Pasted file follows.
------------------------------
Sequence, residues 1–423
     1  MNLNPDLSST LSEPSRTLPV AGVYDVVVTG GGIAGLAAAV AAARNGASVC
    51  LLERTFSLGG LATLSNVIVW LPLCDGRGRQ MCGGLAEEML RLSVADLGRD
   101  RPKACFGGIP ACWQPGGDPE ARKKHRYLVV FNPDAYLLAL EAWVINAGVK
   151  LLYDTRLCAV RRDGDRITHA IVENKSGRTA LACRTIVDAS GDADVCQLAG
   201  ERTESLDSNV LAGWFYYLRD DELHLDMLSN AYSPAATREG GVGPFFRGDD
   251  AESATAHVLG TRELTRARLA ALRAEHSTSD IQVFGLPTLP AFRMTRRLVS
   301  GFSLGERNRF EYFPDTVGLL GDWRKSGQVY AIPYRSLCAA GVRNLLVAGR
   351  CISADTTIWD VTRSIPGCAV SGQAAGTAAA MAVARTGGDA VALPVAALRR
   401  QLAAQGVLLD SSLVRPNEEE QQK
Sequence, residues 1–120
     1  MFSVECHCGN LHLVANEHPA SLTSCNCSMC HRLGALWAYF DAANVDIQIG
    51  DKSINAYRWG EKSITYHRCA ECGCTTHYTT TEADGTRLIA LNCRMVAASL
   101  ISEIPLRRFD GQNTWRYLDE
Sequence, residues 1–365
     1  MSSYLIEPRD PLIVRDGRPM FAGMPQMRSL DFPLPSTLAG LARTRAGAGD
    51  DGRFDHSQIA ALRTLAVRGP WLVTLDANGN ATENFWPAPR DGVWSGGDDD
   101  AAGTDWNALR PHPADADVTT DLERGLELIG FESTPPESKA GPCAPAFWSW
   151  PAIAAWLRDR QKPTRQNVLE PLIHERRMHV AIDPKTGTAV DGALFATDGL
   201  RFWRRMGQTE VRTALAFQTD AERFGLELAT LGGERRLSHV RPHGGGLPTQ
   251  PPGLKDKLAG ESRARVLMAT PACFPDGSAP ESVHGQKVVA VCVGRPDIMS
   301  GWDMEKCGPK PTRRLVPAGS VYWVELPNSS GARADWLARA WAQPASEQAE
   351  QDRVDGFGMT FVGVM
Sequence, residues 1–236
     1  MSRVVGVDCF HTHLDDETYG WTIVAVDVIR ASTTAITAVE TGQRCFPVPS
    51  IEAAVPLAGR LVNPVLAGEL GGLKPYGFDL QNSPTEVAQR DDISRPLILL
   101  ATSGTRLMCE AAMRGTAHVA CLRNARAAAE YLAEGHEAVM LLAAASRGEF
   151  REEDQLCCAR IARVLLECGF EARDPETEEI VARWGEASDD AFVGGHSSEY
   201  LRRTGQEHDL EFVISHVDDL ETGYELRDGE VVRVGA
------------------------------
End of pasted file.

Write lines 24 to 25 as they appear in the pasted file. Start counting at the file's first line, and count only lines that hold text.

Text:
Sequence, residues 1–236
     1  MSRVVGVDCF HTHLDDETYG WTIVAVDVIR ASTTAITAVE TGQRCFPVPS